I have to admit one of my regrets so far this year has been not being able to make any of the New Daughters of Africa events – not the launch in March in London, not even when they came as close as Trinidad for the Bocas Lit Fest a month later (see Reading Room and Gallery 34 for some of that video) because I just didn’t have the money and there was no resource to tap. The publishers opened up a place on the stage to any contributing writer, you just had to get yourself there and I couldn’t. And I regret that. Because I’m proud to be in this collection, proud to see Antigua and Barbuda in this collection, and, I’m reading it, it’s a damn good collection – follow-up to the seminal, global anthology Daughters of Africa. It is a gathering of women writers from Africa and of African descent from across the globe, fully 200 of us – giants and would-be giants.
This is a heavy collection and I’m not just talking about its 700 plus pages.
As I write this, events across the UK continue… in Bristol at the Malcolm X Community Centre, in London at the Africa Writes festival at the British Library, in Scotland at the Edinburgh International Book Festival, in Gloucestershire at the Cheltenham Literature Festival – plus events planned for later this year at Somerset House and Ealing Central Library, with likely more to come; and with the launch of the US edition, there are events taking place in the US as well. There is also now a South Africa edition which may mean events on the continent as well…and wouldn’t that be dope.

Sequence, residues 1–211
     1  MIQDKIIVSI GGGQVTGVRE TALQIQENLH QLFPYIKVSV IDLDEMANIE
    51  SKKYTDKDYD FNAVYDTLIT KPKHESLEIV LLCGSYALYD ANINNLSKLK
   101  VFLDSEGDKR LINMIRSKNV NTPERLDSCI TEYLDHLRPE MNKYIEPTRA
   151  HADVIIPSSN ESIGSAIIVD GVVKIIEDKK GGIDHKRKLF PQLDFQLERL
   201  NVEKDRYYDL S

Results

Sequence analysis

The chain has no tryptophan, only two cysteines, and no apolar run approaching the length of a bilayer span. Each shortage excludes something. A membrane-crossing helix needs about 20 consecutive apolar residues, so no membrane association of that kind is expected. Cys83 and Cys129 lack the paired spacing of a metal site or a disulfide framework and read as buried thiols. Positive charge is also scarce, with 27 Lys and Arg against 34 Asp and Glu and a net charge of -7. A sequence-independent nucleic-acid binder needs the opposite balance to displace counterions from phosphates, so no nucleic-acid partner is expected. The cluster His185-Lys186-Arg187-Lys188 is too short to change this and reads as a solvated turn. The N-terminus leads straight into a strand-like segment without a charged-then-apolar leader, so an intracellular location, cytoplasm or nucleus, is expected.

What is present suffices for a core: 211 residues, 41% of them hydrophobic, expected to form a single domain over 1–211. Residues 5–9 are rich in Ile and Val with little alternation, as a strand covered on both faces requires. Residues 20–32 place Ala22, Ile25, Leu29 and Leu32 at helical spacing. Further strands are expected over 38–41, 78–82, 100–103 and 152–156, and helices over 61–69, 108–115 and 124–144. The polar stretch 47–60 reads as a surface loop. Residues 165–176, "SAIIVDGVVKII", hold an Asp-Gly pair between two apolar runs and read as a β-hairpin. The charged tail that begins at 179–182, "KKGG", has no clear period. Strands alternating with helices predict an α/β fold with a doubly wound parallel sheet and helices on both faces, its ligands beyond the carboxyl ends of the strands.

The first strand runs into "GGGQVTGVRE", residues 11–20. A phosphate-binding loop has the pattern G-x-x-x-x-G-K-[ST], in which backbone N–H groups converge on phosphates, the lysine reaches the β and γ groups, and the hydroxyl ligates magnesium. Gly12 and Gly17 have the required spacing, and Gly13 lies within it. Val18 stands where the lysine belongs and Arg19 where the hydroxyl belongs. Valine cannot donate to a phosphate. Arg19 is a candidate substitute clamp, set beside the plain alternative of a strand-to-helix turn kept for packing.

The coverage of the New Daughters of Africa has been positively global. The Irish Times said ‘Some of the short stories will make you hold your breath…’ and I agree; the Financial Times said it “offers fascinating insights into the present”; Sussex Express said, it’s “a wonderful treasure trove”; the Trinidad Express spoke of its “explosiveness, (and) urgency”; while New Beacon Books praised it as “Bold and insightful, brilliant in its intimacy and universality”. See also Camden New Journal, Guardian Arts, Echoes magazine, NB, Sussex Express, Trinidad Daily Express, Trinidad and Tobago Newsday, Brittle Paper, Brittle Paper, Young Voices, and The Turnaround Blog.
As with all content on Wadadli Pen, except otherwise noted, this is written by Wadadli Pen founder and coordinator Joanne C. Hillhouse (author of The Boy from Willow Bend, Dancing Nude in the Moonlight, Oh Gad!, Musical Youth, Lost! A Caribbean Sea Adventure, and With Grace). All Rights Reserved. If you enjoyed it, check out http://jhohadli.wordpress.com Please note that, except otherwise noted, images on this site also need to be cleared if you wish to use them for any purpose. Thanks.